Cryosurgery (Caring & Treating Since 2005)
H. pylori Diagnosis & Treatment
What is H. pylori?
H. pylori (Helicobacter pylori) is a type of bacteria that lives inside some of our digestive tracts, usually in the stomach and the upper intestines. It is a common bacteria - up to two-thirds (⅔) of us may have it in our stomachs. Most of us who have it won’t even know we have it. This bacteria is usually spread through contact with an infected person saliva, vomit or faecal matter.
What Does H. pylori Does?
For the majority of us who have it, it may never cause any symptoms at all. But for others, it can lead to inflammation of the stomach (gastritis), stomach ulcers and even stomach cancer. No one really knows why some people develop symptoms and problems, and why others are unaffected by it.
When the bacteria is present in the walls of your stomach, it causes damage to the stomach lining. The stomach lining usually protects you against the acid that is secreted by other cells of the stomach. With sufficient damage to the lining, the acid, that is normally meant to aid in digestion and protect you from other bacteria in food, is free to burn the deeper layers of the stomach. This leads to inflammation (gastritis), and also ulcers. Over many years, chronic inflammation may even become cancers or lymphomas.
H. pylori and how it causes diseases is a relatively new discovery, made by 2 doctors from Australia in 1982. The doctors who discovered it won a Nobel Prize for it in 2005!
How Do I Know If I Have H. pylori?
Some of the symptoms of gastritis include stomach pains (usually of the upper part of the stomach), nausea, bloating, belching and pain worse on an empty stomach. If you have black tarry stools or vomiting of blood, the inflammation may have developed into an ulcer.
Should you have any of these symptoms which might sound like gastritis, speak to your doctor about it. There are many conditions which can cause similar symptoms and your doctor will be the best person to go through your history with you.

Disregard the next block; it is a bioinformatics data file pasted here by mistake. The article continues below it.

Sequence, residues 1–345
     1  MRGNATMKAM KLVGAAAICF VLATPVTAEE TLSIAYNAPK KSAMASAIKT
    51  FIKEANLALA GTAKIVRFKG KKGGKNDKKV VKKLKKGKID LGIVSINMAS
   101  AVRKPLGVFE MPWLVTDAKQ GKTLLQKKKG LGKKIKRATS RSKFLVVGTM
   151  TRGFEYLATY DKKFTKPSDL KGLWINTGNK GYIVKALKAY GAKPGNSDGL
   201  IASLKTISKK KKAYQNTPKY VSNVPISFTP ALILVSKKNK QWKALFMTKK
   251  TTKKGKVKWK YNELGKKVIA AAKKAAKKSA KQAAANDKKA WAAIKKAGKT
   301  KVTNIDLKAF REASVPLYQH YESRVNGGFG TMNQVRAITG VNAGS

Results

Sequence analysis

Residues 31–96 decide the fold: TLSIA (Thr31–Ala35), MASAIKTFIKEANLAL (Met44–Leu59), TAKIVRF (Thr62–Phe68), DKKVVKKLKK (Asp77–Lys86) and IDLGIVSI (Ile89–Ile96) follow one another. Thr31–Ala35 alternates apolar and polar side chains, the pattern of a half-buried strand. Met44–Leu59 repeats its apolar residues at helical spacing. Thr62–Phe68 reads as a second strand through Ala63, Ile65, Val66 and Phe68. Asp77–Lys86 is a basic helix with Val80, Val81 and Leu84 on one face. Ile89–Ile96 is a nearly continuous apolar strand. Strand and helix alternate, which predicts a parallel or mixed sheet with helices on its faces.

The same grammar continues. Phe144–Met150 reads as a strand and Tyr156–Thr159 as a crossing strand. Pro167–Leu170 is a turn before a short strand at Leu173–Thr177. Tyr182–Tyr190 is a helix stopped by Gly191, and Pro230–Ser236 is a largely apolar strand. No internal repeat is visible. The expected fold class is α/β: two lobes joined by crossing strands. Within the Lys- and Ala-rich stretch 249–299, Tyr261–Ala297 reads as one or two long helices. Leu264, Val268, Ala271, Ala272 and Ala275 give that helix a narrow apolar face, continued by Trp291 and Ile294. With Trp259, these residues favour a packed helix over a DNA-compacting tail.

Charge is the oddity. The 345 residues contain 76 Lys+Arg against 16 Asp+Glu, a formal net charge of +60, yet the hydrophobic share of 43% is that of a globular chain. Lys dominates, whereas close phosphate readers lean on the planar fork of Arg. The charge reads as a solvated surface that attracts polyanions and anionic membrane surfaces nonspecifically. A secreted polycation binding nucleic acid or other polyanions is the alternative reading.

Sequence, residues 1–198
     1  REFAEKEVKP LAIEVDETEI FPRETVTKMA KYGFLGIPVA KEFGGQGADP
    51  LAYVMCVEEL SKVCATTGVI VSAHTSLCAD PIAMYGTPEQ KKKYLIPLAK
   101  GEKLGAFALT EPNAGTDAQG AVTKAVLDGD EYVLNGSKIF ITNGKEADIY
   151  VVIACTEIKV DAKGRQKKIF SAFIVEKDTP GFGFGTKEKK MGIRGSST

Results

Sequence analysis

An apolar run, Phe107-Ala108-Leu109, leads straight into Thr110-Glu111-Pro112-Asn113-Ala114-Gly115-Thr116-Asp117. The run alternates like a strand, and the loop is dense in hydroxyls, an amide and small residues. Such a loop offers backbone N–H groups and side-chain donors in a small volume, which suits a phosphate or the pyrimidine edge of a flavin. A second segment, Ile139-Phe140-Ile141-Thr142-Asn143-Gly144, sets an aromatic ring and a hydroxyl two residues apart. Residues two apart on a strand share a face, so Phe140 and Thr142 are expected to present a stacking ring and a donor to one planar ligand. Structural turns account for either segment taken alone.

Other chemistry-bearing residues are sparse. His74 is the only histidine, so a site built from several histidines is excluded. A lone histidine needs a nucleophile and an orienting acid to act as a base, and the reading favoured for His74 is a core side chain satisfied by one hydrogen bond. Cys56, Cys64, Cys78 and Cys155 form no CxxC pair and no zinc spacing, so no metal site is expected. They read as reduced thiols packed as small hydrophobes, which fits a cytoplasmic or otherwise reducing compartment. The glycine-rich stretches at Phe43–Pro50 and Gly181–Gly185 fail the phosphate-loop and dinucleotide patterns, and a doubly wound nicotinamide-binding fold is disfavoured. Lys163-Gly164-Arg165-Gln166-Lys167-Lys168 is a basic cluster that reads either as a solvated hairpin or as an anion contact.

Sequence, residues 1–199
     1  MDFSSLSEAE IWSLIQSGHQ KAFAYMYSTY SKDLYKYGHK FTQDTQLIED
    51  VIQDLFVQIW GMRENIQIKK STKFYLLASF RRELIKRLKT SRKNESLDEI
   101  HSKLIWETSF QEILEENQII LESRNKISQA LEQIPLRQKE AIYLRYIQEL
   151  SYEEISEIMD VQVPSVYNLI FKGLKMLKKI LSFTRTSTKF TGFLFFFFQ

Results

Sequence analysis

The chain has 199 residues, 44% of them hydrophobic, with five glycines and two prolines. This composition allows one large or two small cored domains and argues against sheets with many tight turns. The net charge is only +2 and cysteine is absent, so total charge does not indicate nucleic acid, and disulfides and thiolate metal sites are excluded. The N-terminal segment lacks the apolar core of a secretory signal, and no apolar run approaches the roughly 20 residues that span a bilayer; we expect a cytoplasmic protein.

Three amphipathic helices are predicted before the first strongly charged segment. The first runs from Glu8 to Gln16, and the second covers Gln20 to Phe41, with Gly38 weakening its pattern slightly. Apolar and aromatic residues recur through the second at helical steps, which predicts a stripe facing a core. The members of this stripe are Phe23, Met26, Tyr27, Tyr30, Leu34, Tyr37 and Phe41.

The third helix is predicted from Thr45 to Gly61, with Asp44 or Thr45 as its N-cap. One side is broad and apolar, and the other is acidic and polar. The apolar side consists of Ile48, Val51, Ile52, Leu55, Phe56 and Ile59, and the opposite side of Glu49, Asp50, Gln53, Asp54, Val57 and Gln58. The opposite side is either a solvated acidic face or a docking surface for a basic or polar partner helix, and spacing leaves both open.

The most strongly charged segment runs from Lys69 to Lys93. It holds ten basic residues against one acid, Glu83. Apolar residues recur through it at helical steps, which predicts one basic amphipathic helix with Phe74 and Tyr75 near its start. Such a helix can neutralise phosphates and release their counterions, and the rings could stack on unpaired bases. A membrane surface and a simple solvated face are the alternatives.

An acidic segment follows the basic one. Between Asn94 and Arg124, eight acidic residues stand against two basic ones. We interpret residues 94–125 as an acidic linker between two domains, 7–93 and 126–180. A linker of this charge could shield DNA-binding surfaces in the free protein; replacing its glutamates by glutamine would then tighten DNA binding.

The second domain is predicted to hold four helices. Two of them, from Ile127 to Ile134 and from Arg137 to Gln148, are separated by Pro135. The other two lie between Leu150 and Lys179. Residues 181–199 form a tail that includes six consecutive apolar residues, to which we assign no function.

What Can Be Done to Diagnose It?
H. pylori can be detected through blood, stool, and breath or with a biopsy.
Blood tests can be done to see if the body has developed defences against H. pylori. However, this may be inaccurate as these defences can persist after the infection has cleared.
A non-invasive, painless test is the “urea breath test”. This is done in a clinic setting. The doctor will take a breath sample from you, then ask you to consume a tablet containing a chemical called urea. This area is broken down by H. pylori into ammonia and carbon dioxide. After about 20 minutes, we will ask you to blow up another small plastic bag, and send your breath samples out for testing. We will compare the 2 breath samples and if the breakdown products are detected, it indicates the presence of H. pylori in your stomach. There are some instructions to be given to the patient before the test is done. Some of these include avoiding taking acid suppression medications for 2 weeks before and to fast for a few hours before the test. More instructions will be told to you by your doctor.
The other way to diagnose H. pylori is to do an endoscope through the mouth. During the endoscopy, the doctor will take a piece of tissue from your stomach and place it on a test kit containing urea. If H. pylori are present, ammonia (broken down from urea) will give a positive result. However, endoscopies are usually done for patients with alarming or persistent symptoms.
Stool testing is currently is not available commercially here, but it tests for the presence of H. pylori in the stool.
How Do I Treat It?
Are there any Follow up
Because H. pylori is a type of bacteria, it can be eradicated with antibiotics. As the course of antibiotics is longer than what is usually given for other infections, it is prudent to test for the presence of H. pylori before starting treatment. We will also give other medications to reduce the acidity of the stomach.
Most doctors would recommend a repeat test to document eradication of the bacteria, usually done 4 weeks after treatment.
If symptoms are persistent and H pylori is still present, the first round of treatment has likely failed. The doctor may recommend another round of different antibiotics.
Multiple rounds of failed treatment may indicate a drug-resistant strain of H. pylori, and in these cases, an endoscopy is recommended.
If I Do Not Have Symptoms, Should I Still Get Tested & Treated?
Testing and treatment have no clear value in an asymptomatic patient. Discuss with your doctor to find out more.
Are there any Follow up
Many people live with persistent abdominal symptoms without giving much thought to finding out the cause. The cause may very well be a chronic infection of H. pylori which can be easily tested and treated. If getting treated for H. pylori improves your quality of life, it is something you should definitely consider.
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